The Banquet (Il Convito) eBook

This eBook from the Gutenberg Project consists of approximately 298 pages of information about The Banquet (Il Convito).
Light through the air even to the thing illuminated, and the light has no source except the star, because the other Heaven is transparent, I say not that this Spirit, this thought, comes from their Heaven entirely, but from their star.  And their star, through the nobility of its Movers, is of such virtue that in our souls, and in other things, it has very great power, notwithstanding that it is so far from us, about one hundred and sixty-seven times farther than it is to the centre of the Earth, which is three thousand two hundred and fifty miles.  And this is the Literal exposition of the first part of the Song.


What I have said shows clearly enough the Literal meaning of the first part.  In the second, there is to be understood how it makes manifest what I experienced from the struggle within me; and this part has two divisions.  In the first place it describes the quality of these oppositions, according as their cause was within me.  Then I narrate what the one and the other voice of opposition said; and upon that firstly which described what was being lost, in the passage which is the second of that part and the third of the Song.  In evidence, then, of the meaning of the first division, it is to be known that things must be named by that part of their form which is the noblest and best, as Man by Reason, and not by Sense, nor by aught else which is less noble; therefore, when one speaks of the living man, one should understand the man using Reason, which is his especial Life, and is the action of his noblest part.  And, therefore, whoso departs from Reason and uses only the Senses is not a living man, but a living beast, as says that most excellent Boethius, “Let the Ass live.”

Rightly I speak, because thought is the right act of reason, wherefore the beasts who have it not do not think; and I speak not only of the lesser beasts, but of those who have a human appearance with the spirit of a sheep or of some other abominable beast.  I say then:  “Thought that once fed my grieving heart”—­thought, that is, of the inner life—­“was sweet” (sweet, insomuch as it is persuasive, that is, pleasing, or beautiful, gentle, delightful); this thought often sped away to the feet of the Father of those Spirits to whom I speak, that is, God; that is to say, that I in thought contemplated the realm of the Blessed.  “Thought that once fled up to the Father’s feet.”  And I name the final cause immediately, because I ascended there above in thought when I say, “There I beheld a Lady glorified,” to let you understand that I was certain, and am certain by its gracious revelation, that she was in Heaven; wherefore I, thinking many times how this was possible for me, went thither, rapt, as it were.  Then subsequently I speak of the effect of this thought, in order to let you understand its sweetness, which was such that it made me desirous of Death, that I also might go where she was gone.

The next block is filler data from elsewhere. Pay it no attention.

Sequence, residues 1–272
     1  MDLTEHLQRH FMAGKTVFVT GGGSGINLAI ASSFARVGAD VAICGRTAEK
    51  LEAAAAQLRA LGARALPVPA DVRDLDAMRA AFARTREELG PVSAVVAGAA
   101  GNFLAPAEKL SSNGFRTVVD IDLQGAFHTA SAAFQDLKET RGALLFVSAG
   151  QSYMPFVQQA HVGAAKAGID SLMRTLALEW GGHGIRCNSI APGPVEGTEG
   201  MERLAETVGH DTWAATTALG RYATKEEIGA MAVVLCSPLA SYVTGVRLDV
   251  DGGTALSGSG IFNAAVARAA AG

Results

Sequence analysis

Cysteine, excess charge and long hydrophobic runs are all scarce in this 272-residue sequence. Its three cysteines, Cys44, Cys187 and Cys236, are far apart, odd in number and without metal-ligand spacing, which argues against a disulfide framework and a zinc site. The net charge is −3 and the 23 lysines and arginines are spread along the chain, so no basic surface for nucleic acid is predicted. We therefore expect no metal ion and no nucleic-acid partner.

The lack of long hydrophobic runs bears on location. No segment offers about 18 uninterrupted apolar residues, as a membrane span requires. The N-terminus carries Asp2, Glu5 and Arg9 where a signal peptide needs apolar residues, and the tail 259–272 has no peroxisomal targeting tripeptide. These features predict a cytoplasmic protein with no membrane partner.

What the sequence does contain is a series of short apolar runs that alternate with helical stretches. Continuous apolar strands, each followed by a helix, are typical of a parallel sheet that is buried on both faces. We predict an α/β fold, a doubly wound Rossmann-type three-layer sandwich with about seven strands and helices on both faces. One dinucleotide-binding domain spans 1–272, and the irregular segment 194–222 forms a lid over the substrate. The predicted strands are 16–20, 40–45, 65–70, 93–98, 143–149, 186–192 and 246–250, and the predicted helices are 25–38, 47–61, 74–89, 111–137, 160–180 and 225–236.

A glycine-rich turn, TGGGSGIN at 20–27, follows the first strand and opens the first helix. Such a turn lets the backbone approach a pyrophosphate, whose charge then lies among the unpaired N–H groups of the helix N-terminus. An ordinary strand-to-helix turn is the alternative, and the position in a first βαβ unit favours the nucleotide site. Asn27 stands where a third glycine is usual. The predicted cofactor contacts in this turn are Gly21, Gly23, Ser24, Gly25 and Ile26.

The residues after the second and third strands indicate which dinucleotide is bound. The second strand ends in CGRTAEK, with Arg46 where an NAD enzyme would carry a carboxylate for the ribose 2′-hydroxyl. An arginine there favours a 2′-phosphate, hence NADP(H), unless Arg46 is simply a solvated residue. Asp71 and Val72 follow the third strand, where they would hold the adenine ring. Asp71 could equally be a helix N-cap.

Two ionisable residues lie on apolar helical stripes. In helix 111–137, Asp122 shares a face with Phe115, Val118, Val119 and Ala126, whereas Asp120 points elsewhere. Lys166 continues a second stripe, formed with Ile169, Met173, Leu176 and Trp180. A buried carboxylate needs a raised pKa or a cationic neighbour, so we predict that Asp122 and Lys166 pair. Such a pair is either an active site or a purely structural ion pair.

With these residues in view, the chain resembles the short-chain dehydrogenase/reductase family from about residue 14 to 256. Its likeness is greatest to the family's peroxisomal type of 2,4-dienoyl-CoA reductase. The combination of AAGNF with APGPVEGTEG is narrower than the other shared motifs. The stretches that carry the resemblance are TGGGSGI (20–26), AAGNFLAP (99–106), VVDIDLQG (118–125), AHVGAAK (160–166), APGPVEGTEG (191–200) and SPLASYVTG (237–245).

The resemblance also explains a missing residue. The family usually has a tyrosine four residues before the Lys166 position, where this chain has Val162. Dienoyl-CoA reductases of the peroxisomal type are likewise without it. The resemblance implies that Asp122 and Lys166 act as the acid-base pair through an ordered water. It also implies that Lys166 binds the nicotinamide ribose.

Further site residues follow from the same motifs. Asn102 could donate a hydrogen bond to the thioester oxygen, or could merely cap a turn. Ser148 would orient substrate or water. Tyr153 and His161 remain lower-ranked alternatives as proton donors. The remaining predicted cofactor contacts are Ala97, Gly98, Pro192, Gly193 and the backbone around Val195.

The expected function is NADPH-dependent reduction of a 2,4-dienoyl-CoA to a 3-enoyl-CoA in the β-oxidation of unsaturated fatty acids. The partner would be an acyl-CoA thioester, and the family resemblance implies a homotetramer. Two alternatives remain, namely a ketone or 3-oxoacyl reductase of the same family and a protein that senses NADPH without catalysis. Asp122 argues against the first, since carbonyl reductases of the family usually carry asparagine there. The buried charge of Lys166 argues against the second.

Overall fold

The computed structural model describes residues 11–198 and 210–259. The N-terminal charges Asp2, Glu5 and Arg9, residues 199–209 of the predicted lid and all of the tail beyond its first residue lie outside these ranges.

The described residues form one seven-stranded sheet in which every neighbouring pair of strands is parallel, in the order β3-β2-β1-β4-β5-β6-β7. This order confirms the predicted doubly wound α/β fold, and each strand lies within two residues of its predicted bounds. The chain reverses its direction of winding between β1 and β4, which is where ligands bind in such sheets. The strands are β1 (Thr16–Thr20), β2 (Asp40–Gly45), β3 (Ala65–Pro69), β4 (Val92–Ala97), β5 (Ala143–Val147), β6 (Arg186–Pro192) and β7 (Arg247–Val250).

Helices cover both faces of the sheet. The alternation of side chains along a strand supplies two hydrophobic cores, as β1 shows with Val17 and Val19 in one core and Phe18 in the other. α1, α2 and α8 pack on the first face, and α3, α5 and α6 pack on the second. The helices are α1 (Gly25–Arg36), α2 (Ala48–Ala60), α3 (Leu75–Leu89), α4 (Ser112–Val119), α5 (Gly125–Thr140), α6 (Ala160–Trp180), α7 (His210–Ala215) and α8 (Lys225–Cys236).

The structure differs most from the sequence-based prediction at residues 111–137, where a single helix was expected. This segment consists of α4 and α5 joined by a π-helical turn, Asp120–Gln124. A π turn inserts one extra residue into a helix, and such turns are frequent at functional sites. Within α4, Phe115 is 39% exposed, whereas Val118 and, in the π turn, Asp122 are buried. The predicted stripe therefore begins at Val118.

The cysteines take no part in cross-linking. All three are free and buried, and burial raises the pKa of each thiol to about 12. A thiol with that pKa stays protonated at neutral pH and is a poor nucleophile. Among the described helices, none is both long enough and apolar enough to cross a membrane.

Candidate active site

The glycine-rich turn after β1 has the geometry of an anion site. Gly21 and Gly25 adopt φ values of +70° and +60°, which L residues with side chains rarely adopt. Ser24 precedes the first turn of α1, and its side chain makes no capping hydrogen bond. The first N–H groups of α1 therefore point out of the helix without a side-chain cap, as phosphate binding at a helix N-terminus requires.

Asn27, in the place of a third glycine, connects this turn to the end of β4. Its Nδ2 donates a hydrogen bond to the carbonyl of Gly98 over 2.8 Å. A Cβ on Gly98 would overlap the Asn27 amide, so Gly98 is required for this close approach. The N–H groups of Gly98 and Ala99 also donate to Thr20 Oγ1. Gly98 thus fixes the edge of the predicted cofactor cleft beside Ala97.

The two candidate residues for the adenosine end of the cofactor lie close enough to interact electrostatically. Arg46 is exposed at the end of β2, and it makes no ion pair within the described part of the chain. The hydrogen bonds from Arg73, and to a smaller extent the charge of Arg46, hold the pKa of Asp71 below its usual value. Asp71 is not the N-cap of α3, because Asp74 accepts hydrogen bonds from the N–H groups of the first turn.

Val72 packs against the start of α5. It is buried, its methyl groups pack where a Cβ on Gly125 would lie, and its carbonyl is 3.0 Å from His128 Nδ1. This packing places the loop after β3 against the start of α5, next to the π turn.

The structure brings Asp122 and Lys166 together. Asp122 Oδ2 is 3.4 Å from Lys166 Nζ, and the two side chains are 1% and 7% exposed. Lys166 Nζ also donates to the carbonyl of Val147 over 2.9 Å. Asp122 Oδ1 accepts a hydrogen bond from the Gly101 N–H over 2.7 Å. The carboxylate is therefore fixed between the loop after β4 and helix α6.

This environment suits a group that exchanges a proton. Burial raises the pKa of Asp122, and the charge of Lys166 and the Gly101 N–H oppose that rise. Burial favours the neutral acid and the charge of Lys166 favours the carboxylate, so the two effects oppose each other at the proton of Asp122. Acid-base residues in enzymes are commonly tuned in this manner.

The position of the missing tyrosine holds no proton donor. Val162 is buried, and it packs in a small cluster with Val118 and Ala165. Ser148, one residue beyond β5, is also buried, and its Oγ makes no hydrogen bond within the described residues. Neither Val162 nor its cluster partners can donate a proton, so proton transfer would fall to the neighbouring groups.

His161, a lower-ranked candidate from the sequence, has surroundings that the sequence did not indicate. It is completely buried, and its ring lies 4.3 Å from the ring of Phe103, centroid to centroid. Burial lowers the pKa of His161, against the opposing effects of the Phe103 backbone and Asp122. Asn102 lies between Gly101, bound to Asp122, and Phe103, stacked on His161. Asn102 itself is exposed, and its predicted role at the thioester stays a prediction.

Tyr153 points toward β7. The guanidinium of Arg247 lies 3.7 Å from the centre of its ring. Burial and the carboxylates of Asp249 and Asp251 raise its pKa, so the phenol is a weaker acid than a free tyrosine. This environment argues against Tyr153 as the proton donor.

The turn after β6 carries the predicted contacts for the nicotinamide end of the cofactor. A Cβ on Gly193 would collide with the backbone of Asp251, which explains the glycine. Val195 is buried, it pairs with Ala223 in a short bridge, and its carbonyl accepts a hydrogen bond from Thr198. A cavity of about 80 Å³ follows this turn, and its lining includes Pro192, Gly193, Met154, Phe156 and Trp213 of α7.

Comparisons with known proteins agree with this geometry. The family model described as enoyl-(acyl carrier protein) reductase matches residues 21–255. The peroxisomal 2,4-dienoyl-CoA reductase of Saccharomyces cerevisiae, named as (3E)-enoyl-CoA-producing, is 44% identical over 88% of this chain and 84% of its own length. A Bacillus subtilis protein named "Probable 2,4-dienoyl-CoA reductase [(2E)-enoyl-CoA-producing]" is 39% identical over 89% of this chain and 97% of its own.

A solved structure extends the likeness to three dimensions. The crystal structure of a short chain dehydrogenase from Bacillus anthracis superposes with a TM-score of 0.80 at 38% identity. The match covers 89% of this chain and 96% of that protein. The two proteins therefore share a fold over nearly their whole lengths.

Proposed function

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The Banquet (Il Convito) from Project Gutenberg. Public domain.
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